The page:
Debra: Okay. They are the dimensions that I gave, and at one, at the ... We'll just call it the top end, it is a drawstring, and it's a very tiny like a thread, and you can pull it from both sides as you would a drawstring bag. And you can tie it off, but I don't because I like to reuse them. I just pull it, cinch it up, and then that way, the person can open it and reuse it. And they're originally made for tea. People who use whole tea, use loose tea, zen blends, et cetera, it's made for that originally. And I just got the idea of I make my own chai. And I thought, "Well, people have always loved this chai," so what I can do is take the spices that I normally use in a chai and put it in the tea bag, which can be used for tea, and also as a simmering bag. And people have really enjoyed it as a simmering bag.
Leeanne F: Okay. Well, thank you very much, Debra. That's really neat. Okay. Next on our list, we have a guest that starts with the phone number 201. Could you please tell us your name?
Tavianna: Hi. My name is Tavianna.
Leeanne F: Could you spell that for me, please?
Tavianna: T-A- V as in victory, I-A-N-N-A.
Leeanne F: Thank you so much. What do you like to make for the holidays?
Tavianna: In the past, I used to make collage.
Leeanne F: Okay. And what kind of materials do you use?
Tavianna: I use some colored paper and some glue. And I used to use the backs of some waffle boxes and cereal boxes.
Leeanne F: Okay. And are they more sculptures that you would set on a table, or wall art?
Tavianna: I'm not really sure, to be honest.
Leeanne F: Okay. Okay.
Tavianna: Once I did make a clay-shaped kind of a base.
Leeanne F: Okay. Very nice. Well, thank you for participating.
Tavianna: Thank you.
Leeanne F: Okay. Merle, I'm going to unmute you. What do you like to make for gift giving?
Merle: Well, what I just did this weekend, I had a friend from Portland came out. She's blind. And she wanted to make some Christmas presents for her caregivers and her mother and dad. So I helped her turn ink pens and bottle stops and some key chains for her to make for Christmas presents for her family and that. I like to help people do stuff like that.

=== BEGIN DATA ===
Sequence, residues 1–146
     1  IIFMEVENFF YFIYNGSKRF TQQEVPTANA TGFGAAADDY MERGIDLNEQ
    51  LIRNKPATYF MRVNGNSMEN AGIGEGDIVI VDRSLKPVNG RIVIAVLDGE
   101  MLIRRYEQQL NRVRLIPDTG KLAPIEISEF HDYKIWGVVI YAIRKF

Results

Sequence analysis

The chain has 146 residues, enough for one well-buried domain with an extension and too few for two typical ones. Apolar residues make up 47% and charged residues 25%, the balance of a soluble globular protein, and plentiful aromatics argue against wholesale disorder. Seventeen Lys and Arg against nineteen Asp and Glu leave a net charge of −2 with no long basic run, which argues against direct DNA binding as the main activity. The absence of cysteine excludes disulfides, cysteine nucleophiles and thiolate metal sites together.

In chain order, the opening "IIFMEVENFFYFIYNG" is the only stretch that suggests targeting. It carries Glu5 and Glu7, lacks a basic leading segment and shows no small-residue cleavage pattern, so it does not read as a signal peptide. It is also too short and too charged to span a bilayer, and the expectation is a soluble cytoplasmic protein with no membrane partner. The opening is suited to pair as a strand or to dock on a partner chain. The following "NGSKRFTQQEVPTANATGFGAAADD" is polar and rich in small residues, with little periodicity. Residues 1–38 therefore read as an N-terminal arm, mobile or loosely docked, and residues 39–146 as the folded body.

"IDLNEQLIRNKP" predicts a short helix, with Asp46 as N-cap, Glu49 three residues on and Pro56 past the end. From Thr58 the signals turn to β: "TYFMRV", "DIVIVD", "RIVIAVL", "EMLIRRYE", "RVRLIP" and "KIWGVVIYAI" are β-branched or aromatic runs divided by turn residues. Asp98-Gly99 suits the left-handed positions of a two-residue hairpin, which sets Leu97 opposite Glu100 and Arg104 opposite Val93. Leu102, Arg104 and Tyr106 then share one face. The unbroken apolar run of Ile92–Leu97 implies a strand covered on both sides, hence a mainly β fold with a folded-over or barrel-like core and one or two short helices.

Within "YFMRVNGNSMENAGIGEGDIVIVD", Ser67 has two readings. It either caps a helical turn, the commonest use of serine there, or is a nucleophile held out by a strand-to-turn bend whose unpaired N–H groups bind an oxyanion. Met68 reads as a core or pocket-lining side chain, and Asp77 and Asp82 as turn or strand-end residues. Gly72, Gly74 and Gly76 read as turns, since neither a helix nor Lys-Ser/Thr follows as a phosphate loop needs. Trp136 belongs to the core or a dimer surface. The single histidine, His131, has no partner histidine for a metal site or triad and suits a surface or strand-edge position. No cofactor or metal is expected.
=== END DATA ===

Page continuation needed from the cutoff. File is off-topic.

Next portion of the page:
Leeanne F: Sure. And so you actually taught her how to work the lathe and helped her make some, so that she had an active part in it?
Merle: Oh, yeah. She held the chisel and I just helped support it to where she could get it done right.
Leeanne F: That's really neat. Yeah, that's really neat.
Merle: She made three secret pocket key chains. And she made an ink pen for her dad, and a wine bottle stopper for her mother.
Leeanne F: Nice.
Jennifer Q: That's really great, Merle. If anyone didn't get a chance to join us or listen, the woodturning workshop that we did last month with Merle was just so interesting. So you can still listen to that at Hadley, Hadley's website.
Leeanne F: Yeah. Merle and Ray did an amazing job of just, first of all, educating us as to what woodturning is, what that means, what you can make with it, how to do it without sight. It was really interesting, so I would highly encourage if you haven't, if you weren't here last week or last month, to go back and listen to that. Thanks, Merle, so much.
Merle: Yeah. I went back and listened to it. It was pretty good.
Leeanne F: Awesome. Awesome. Thanks, Merle.
Leeanne F: Okay. Next we have Tammy. Tammy, what do you like to make for gift giving?
Tammy: Hi. Well, this year I've made a little gift bag. It's crocheted. I made it with red and white because everyone likes peppermint, and made it with a drawstring, and then filled it full of peppermint candies. And I've also got a little knitted hat that I've done for a nephew.
Leeanne F: Nice. And now do you usually give handmade gifts? Or is this something that's new this year for you?
Tammy: Oh, I've given handmade gifts in the past. But I've made afghans and given them, tea towels with the crocheted tops, different things.
Leeanne F: Nice. Okay. And so you said you're a crocheter, so that was crochet. And I had an email the other day from somebody that was asking about crocheting blind without having any sight. Tammy, does that fit you as a description? Do you crochet blind? Or do you have some sight?
Leeanne F: Okay. Well, that person may want to be looking for you as well because she has some very specific questions.